Canadians eat a great deal of meat. Just over 808 million chickens, turkeys, ducks and geese were slaughtered last year. In addition, 25,267 million cattle, pigs and sheep were slaughtered. If we add fish, (492,441 million), and shell fish (4,245, 548 billion) the total volume is truly immense.
Per capita, we consume about 35 kilograms of beef, pork and lamb each year. (To put this amount in context, in the U.S. the figure is 2.5 times as great and it’s even higher in Australia). Meat consumption per capita, particularly of beef, has been declining in Canada from 38.5 kilos in 1980 to 26.7 kilos in 2021.
Worldwide meat consumption, however, is rising with population growth. Indeed, it has been rising at a faster rate than population reflecting the fact that as incomes rise so does meat consumption. For example, in China, meat consumption has grown by more than 15 times since 1960 and in Brazil consumption has nearly quadrupled over the same time frame.
This large increase in demand is having a huge and measurable impact upon both land usage and on climate change. For example, conversion efficiency ratios are used to measure the ratio of feed inputs (either in the form of food crops or pasture/grazing land) to output in the form of food product. The Feed Conversion Ratio is used to measure the mass quantity of feed (25 kilos) required to produce one kilo of beef; the ratio is 0.04
Environmental footprints such as land-use requirements or greenhouse gas emissions per unit mass are calculated using a technique called life-cycle analysis. This calculation includes all food chain inputs such as fertilizer production and application, seed production, energy use on the farm, feed production, manure production and management and farm infrastructure construction.
Scientists can thereby calculate the energy efficiency of meat production; that is, the percentage of energy (caloric) inputs as feed effectively converted to animal product. For beef that is 1.9% meaning 98.1% of input energy is lost during production.
The protein efficiency of meat production is defined as the percentage of protein inputs used as feed that are effectively converted to animal product. The most recent figures indicate that for beef this ratio is 3.8% and for pork 8.5%. These efficiency ratios indicate meat production is highly inefficient.
Were that not bad enough, cattle are major producers of methane gas which is more than 20 times more deleterious to the environment than carbon dioxide.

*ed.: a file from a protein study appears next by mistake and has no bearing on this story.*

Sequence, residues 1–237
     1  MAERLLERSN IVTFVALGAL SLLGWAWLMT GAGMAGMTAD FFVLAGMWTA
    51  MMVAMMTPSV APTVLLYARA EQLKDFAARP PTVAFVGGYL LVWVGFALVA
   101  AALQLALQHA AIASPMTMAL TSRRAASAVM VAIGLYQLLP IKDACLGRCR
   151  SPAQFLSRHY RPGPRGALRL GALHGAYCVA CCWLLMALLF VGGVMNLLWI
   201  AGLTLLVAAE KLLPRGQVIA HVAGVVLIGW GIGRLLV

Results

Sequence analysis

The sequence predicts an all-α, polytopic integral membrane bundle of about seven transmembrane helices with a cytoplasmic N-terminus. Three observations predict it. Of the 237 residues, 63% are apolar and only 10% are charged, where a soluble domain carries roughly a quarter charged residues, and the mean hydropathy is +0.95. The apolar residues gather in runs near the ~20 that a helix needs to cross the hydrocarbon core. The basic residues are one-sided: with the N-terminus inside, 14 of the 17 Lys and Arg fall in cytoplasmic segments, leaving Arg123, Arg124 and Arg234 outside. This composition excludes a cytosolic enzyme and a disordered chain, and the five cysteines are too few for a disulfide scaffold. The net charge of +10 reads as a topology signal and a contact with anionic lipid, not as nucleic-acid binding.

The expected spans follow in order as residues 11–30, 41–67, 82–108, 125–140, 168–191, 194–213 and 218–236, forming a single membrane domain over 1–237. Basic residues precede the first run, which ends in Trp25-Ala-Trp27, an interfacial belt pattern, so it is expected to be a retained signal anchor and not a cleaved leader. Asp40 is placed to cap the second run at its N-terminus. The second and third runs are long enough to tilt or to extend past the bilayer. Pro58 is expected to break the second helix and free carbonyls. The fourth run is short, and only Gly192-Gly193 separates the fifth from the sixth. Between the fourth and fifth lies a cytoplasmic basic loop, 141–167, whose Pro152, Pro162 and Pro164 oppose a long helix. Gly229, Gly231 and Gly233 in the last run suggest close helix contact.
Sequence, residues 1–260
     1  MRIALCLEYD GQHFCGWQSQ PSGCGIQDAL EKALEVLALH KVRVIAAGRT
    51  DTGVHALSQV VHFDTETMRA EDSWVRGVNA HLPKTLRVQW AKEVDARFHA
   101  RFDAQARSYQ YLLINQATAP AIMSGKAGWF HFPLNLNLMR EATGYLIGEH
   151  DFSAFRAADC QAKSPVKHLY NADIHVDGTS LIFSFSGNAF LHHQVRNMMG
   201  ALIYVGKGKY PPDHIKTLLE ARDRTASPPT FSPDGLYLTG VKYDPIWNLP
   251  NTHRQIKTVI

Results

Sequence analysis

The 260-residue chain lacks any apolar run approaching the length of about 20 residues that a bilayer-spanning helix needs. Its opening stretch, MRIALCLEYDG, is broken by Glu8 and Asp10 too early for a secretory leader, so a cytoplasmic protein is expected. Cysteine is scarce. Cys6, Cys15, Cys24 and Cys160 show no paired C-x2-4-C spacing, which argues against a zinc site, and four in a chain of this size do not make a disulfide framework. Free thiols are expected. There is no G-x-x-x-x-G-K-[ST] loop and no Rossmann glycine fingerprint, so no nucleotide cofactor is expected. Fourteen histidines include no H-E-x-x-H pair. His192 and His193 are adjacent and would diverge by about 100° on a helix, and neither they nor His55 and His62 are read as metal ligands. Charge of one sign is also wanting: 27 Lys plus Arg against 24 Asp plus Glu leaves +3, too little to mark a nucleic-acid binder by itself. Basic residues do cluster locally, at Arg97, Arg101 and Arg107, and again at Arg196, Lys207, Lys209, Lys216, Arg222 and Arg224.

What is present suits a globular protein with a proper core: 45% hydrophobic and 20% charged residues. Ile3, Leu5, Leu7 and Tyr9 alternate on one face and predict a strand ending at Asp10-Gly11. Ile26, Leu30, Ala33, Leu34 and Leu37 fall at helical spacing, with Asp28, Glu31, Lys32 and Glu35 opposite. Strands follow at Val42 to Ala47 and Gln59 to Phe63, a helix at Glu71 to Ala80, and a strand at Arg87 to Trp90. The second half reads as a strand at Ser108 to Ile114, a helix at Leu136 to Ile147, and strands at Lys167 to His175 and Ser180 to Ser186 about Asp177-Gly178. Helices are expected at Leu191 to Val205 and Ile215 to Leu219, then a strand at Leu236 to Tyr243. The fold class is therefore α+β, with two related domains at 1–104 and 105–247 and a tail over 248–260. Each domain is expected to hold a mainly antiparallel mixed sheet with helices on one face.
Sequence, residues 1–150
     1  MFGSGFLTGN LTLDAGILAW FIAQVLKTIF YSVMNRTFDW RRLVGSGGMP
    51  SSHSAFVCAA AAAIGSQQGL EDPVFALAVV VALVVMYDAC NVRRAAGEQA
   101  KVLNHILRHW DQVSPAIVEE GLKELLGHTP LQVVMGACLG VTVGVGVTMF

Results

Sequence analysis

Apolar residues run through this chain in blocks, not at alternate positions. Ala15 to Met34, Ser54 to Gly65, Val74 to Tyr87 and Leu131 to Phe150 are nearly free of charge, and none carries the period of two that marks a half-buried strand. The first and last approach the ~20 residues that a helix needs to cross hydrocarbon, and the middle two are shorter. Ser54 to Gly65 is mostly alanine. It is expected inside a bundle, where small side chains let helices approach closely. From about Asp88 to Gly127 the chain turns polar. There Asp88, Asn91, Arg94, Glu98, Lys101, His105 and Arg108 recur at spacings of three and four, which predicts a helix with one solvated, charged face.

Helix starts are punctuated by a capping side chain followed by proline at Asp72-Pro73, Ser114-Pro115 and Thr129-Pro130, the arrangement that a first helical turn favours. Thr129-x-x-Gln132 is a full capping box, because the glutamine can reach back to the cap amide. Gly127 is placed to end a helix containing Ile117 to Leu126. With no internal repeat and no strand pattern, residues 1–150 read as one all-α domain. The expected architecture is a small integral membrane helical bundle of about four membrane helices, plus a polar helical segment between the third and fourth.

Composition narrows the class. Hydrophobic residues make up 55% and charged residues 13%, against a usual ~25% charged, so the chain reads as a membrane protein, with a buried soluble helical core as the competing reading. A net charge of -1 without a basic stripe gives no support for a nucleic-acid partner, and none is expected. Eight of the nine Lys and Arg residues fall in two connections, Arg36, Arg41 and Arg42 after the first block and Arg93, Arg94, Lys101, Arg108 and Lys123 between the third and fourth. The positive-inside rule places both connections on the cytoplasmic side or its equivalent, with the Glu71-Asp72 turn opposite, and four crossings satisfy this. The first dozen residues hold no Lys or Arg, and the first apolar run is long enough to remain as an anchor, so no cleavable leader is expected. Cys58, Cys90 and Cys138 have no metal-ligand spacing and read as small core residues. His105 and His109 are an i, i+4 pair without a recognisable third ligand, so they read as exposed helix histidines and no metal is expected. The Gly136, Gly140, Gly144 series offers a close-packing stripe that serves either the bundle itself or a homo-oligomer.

The herd in Canada numbers over 10.2 million and accounts for about 8% of our greenhouse gas emissions.
Efforts are being made to breed cattle that will expel less methane but that is a long-term project with no certainty of success. Continued increases in global meat production will not only make the achievement of emission targets more difficult, it will also put enormous pressure on land use and feed production.
Major meat and feed producers are well aware of this and are devoting considerable resources in both personnel and funds to develop artificial substitutes. Fast food chains in North America and Europe are already selling plant-based substitutes for hamburgers and sausages and consumer acceptance is growing, albeit slowly.
Another alternative is artificial or “no-kill” meat produced in bioreactors. The first such product, chicken, has been licensed for sale by the government of Singapore and is produced by an American company Eat Just. The advantages of this product are that it could slash the impact of livestock production on both climate change and land use as well as providing cleaner, drug free and cruelty free meat.
While production at present is limited, Eat Just is investing in a significant increase in capacity which should significantly reduce the costs of production.
The biggest challenge will be gaining consumer acceptance and that will take time. The science is already here and the cost squeeze of traditional meat production will work in favour of no-kill meat. Something to consider as we fire up our grills for barbecue season!
David Bond is a retired bank economist who lives in Kelowna.